United States District Court, E.D. Missouri, Eastern Division
OPINION, MEMORANDUM AND ORDER
EDWARD AUTREY UNITED STATES DISTRICT JUDGE
matter is before the Court on Antonio Bailey's Motion to
Vacate, Set Aside or Correct Sentence pursuant to 28 U.S.C.
§ 2255, [Doc. No. 1]. The United States of America has
responded to the motion, pursuant to the Court's Show
Cause Order. Movant has filed a Traverse. For the reasons set
forth below, the Motion to Vacate is denied.
6, 2012, a grand jury returned an indictment charging Movant
with possession with the intent to distribute in excess of 28
grams of cocaine base (crack); possession of a firearm in
furtherance of a drug trafficking crime; maintaining a
drug-involved premises; and felon in possession of a firearm.
17, 2012, Petitioner filed a waiver of pretrial motions. This
waiver was withdrawn by newly retained counsel. A motion to
suppress evidence and a memorandum in support were filed on
behalf of Movant on January 30, 2013. The government opposed
the Motion. Judge Noce issued a Report and Recommendation
that the Motion to Suppress be denied. This Court overruled
Movant's objections and denied the Motion.
moved to terminate counsel on June 7, 2013. The Court granted
the motion and appointed counsel.
29, 2013, Movant entered a plea of guilty, pursuant to a
written plea agreement. The written Plea Agreement provided
that Petitioner agreed that the search of his residence was
conducted pursuant to a “lawful search warrant.”
Further, Movant waived all rights to appeal any issues
related to pretrial motion and the right to file pretrial
motions, including motions to suppress evidence. Movant also
attested that he was fully satisfied with the representation
provided by defense counsel. In the Plea Agreement and the
plea colloquy with this Court at the change of plea hearing,
Movant stated that he entered into the plea agreement and the
guilty plea voluntarily and of his own free will because he
was in fact guilty of the charges.
November 14, 2013, the Court sentenced Movant to 180 months
imprisonment. Movant did not appeal his sentence.
filed this Motion for Post-Conviction Relief pursuant to
Title 28 U.S.C. Section 2255 on December 5, 2014.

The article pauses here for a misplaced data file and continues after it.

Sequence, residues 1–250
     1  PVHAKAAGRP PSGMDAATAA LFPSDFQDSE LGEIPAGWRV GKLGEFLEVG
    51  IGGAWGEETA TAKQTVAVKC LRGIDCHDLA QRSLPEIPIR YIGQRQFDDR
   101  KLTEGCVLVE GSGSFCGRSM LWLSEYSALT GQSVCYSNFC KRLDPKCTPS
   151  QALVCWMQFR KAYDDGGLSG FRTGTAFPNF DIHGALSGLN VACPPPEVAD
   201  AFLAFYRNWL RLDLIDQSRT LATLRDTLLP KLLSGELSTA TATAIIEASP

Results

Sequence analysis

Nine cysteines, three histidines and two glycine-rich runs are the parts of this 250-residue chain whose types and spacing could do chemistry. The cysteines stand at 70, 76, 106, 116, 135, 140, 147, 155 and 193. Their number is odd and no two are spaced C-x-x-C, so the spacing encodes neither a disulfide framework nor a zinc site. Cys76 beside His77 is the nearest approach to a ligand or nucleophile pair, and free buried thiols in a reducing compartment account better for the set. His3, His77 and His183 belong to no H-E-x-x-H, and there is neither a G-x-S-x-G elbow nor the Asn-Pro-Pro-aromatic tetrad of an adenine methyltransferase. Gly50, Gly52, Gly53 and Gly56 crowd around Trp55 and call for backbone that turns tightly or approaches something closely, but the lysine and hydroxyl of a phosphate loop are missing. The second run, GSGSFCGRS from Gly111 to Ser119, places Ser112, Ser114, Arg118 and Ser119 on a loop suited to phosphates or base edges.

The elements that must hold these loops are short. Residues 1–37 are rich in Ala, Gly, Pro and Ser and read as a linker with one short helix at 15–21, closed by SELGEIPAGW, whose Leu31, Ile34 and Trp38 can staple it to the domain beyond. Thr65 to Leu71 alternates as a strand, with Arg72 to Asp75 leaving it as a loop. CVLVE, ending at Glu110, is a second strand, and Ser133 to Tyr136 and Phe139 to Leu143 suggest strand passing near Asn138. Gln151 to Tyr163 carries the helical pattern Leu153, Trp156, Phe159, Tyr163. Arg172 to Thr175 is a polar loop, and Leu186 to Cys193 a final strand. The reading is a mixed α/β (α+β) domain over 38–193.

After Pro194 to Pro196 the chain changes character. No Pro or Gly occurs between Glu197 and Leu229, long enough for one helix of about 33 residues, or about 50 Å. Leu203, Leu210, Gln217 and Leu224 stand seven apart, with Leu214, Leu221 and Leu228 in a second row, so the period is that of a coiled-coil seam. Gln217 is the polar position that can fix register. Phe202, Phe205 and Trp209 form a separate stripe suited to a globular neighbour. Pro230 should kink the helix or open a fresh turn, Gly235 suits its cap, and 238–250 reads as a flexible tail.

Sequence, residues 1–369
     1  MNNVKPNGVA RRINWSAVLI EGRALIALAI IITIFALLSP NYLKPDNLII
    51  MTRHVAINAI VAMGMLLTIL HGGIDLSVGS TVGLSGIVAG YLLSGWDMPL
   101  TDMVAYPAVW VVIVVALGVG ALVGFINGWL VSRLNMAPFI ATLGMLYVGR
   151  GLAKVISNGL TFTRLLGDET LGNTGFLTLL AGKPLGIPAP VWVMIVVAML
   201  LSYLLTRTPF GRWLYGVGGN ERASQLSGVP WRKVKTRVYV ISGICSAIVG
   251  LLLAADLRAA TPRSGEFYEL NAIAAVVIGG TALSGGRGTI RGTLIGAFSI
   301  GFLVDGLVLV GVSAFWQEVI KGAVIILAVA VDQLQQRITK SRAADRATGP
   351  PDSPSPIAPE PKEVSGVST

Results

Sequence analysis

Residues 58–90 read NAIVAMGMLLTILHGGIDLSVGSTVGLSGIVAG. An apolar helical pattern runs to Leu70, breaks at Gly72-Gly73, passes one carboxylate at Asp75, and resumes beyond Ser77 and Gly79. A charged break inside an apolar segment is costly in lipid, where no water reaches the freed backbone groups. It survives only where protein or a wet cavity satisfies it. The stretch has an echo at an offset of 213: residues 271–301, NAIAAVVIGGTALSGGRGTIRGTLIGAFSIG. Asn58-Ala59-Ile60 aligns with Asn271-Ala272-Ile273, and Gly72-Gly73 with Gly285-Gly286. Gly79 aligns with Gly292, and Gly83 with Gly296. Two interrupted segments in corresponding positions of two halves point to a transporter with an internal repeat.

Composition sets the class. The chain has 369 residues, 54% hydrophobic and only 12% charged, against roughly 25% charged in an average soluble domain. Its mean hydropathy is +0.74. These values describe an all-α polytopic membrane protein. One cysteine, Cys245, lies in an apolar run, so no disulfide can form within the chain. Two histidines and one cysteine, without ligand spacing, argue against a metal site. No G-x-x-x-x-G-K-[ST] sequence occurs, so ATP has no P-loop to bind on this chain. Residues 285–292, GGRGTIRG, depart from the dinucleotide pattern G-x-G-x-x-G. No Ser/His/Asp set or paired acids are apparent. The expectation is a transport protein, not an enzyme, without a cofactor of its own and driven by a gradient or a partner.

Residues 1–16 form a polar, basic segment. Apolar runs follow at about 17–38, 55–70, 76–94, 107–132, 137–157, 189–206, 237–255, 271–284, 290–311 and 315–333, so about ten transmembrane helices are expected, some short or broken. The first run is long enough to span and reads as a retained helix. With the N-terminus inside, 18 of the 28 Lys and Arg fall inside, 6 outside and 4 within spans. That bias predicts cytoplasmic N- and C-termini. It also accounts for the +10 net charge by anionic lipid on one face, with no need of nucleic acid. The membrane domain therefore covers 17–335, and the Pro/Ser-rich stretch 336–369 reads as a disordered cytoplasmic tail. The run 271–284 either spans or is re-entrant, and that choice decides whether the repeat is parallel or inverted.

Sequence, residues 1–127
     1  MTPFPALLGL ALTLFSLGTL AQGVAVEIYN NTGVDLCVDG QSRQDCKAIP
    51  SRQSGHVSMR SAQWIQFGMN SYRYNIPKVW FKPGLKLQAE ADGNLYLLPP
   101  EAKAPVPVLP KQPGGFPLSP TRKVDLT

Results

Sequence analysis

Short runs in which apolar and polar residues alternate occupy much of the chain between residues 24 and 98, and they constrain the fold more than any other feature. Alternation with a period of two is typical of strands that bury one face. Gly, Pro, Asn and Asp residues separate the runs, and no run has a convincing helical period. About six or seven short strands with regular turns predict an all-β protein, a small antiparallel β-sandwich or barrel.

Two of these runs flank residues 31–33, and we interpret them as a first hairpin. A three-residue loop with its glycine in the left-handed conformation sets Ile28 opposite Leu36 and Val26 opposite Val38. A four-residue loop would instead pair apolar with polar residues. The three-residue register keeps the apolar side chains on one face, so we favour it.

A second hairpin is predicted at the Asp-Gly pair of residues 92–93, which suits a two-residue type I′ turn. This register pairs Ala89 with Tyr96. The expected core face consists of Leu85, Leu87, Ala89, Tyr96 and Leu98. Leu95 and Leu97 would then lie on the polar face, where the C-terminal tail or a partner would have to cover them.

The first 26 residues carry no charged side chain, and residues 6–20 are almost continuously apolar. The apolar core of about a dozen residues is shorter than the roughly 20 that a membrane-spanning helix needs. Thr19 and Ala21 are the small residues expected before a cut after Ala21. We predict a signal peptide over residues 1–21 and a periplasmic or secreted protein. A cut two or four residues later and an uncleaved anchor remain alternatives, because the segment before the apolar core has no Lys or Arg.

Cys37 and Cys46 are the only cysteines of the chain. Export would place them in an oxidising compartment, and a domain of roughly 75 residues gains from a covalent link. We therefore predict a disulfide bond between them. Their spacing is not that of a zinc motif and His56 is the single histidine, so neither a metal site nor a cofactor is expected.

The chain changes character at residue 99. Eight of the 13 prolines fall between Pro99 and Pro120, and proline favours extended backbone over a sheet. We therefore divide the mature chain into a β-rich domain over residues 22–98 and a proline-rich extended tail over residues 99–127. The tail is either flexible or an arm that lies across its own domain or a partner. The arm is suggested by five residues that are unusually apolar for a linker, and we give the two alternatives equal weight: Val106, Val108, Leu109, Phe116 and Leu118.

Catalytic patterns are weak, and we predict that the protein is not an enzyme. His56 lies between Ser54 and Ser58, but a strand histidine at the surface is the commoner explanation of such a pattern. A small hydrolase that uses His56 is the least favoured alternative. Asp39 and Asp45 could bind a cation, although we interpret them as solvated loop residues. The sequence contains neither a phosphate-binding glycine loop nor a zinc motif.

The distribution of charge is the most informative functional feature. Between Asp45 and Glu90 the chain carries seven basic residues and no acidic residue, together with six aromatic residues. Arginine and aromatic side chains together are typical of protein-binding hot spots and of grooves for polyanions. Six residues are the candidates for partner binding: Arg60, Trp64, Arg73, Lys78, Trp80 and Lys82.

FOR RELIEF UNDER 28 U.S.C. §2255
federal prisoner seeking relief from a sentence under 28
U.S.C. § 2255 on the ground “that the sentence was
imposed in violation of the Constitution or laws of the
United States, or that the court was without jurisdiction to
impose such sentence, or that the sentence was in excess of
the maximum authorized by law, or is otherwise subject to
collateral attack, may move the court which imposed the
sentence to vacate, set aside or correct the sentence.”
28 U.S.C. § 2255. In order to obtain relief under §
2255, the movant must allege a violation constituting
“‘a fundamental defect which inherently results
in a complete miscarriage of justice.'” United
States v. Gomez, 326 F.3d 971, 974 (8th Cir. 2003)
(quoting United States v. Boone, 869 F.2d 1089, 1091
n.4 (8th Cir. 1989)).
brought under § 2255 may also be limited by procedural
default. A movant “cannot raise a nonconstitutional or
nonjurisdictional issue in a § 2255 motion if the issue
could have been raised on direct appeal but was not.”
Anderson v. United States, 25 F.3d 704, 706
(8th Cir. 1994) (citing Belford v. United
States, 975 F.2d 310, 313 (7th Cir. 1992)). Furthermore,
even constitutional or jurisdictional claims not raised on
direct appeal cannot be raised collaterally in a § 2255
motion “unless a petitioner can demonstrate (1) cause
for the default and actual prejudice or (2) actual
innocence.” United States v. Moss, 252 F.3d
993, 1001 (8th Cir. 2001) (citing Bousley v. United
States, 523 U.S. 614, 622 (1998)).